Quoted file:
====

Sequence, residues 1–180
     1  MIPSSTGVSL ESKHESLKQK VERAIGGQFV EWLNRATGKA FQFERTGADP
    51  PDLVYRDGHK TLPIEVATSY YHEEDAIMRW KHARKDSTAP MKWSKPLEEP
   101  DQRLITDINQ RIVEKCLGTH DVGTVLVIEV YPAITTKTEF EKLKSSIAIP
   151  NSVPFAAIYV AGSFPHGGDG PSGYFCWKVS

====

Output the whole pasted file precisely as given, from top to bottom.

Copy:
Sequence, residues 1–180
     1  MIPSSTGVSL ESKHESLKQK VERAIGGQFV EWLNRATGKA FQFERTGADP
    51  PDLVYRDGHK TLPIEVATSY YHEEDAIMRW KHARKDSTAP MKWSKPLEEP
   101  DQRLITDINQ RIVEKCLGTH DVGTVLVIEV YPAITTKTEF EKLKSSIAIP
   151  NSVPFAAIYV AGSFPHGGDG PSGYFCWKVS